What happens when we place as much emphasis on the quality of our interactions as the quality of our products? And to take this notion a step further, what would we expect an all-time best design experience to look like?
To begin this investigation, let’s ask ourselves what kind of interaction is at the opposite end of the spectrum from a Fountainhead-inspired journey of clashing wills? What’s the alternative for innovators who find themselves struggling to defend their ideas in a seemingly hostile or indifferent world? How might clients and other stakeholders actually enjoy—rather than endure—their roles as responsible contributors to the built environment?
In our way of thinking, the opposite end of the interactive spectrum from clashing agendas is a transformational experience. These experiences enrich the lives of everyone at the planning table; they raise our spirits and expand our horizons. In contrast to traditional interventions that aim for buy in, we’ve seen the benefits of a mutual quest to raise the bar to new heights. This mutual quest banishes the assumption that the designer must carry on a valiant, one-sided campaign to address quality of life design issues.
Wrestling with the impact of a project together with stakeholders instills a sense of joint stewardship. Wise use of project resources and opportunities becomes a shared responsibility with the architect, rather than pursuing “us versus them” interests. Reliance on fancy presentations or charismatic persuaders is less important than knowing how to tap into the innate human desire to do something extraordinary.
By focusing on quality of interactions, designers can be catalysts for breakthroughs—experienced as transformational, aha! moments—in design and planning. These revelations and great leaps forward are built on a shared, expansive definition of each project’s purpose, opportunities and constraints.
Tight, mechanically-inspired processes are woefully self-limiting when compared to designing transformational experiences that appeal to hearts and minds. It should also be noted that this level of engagement goes far beyond faux-facilitation methods that skim the surface of obvious options.
Designers sell themselves short when they describe their fundamental role as problem solvers. For one thing, research by Ronald Lippitt indicates that “listing and solving problems depresses groups.” Also, the term problem solving creates the impression that designers engage primarily in reductive thinking.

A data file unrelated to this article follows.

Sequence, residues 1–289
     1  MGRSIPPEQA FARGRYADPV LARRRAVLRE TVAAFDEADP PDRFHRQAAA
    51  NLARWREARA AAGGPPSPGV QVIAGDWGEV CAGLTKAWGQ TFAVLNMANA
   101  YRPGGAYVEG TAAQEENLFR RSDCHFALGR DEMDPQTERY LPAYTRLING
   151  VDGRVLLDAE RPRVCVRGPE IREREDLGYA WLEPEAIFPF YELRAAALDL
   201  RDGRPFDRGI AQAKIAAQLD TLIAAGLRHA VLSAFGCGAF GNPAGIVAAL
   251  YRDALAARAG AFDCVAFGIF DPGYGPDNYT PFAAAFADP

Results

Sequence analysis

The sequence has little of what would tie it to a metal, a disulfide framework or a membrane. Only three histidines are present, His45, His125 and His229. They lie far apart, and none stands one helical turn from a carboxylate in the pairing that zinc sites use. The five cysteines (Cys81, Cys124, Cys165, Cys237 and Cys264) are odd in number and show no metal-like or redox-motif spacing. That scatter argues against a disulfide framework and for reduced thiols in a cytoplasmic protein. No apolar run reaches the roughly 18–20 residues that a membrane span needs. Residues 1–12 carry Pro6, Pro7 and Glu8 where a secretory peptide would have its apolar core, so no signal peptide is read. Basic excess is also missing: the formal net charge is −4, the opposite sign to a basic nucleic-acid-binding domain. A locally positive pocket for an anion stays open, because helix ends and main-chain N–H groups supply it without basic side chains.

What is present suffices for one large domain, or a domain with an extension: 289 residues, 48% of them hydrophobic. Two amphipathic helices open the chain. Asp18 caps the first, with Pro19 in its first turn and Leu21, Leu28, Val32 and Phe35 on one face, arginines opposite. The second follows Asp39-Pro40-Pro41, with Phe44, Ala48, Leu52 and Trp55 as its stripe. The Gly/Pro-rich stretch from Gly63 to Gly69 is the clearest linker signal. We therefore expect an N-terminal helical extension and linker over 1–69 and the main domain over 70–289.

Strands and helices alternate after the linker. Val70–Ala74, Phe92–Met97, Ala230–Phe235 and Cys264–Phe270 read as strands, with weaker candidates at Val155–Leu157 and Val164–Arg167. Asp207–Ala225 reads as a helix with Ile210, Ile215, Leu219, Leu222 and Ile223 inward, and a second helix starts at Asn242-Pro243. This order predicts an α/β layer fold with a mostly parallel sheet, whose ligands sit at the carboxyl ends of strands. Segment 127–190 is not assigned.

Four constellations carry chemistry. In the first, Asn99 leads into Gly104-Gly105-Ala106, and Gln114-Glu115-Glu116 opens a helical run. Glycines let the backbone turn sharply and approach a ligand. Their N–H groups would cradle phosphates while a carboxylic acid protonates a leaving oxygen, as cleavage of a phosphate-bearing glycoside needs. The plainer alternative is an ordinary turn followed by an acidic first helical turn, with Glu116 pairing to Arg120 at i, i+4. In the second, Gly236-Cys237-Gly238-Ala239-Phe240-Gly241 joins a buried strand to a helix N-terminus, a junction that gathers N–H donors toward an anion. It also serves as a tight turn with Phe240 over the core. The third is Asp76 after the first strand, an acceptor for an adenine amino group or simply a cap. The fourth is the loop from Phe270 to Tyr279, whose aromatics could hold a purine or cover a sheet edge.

It’s easy to see why so many PPT slide presentations include images of interlocking gears to evoke maximum team efficiency. Gears convey a seductive sense of control; they are reassuringly neat and predictable. These mechanical parts are perfect for representing machine age detachment, and perhaps also suit transactions involving information technology.
But gear metaphors communicate the opposite of what’s required for innovation to occur in a knowledge era. Knowledge—in contrast to information—gains value when humans develop what they know through reflection and interaction. The reality of this process is far from neat, predictable and mechanical. Developing the wealth of knowledge that leads to innovation requires relationships built on trust. Gears do not evoke trust or thoughtful reflection. So let’s not misrepresent living, human activities—such as collaboration—with graphics that glorify interchangeable metal parts.
The above set of slides expands on this notion of contrast between mechanical and natural systems.
– Sharon VanderKaay
Innovation applies to tangibles, such as new buildings and products, as well as intangibles such as methods of construction and ways of working. Traditionally, tangibles and intangibles have been seen as distinct states. Back in 2005 I gave a presentation at a design conference in Chicago on how design intangibles, for example “creating an uplifting feeling” or “instilling a sense of confidence” become tangible when they translate into hard numbers such as increased revenue. During that presentation, “Calculating the Value of Design,” I used the term pre-tangible to emphasize the connection between design and business results. Since then I’ve become even more convinced that decision makers need to “see” a stronger relationship between intangibles and tangibles. Here’s the image I used at the conference:
Recently I created a set of slides for a business audience that further explain the concept of pre-tangibles.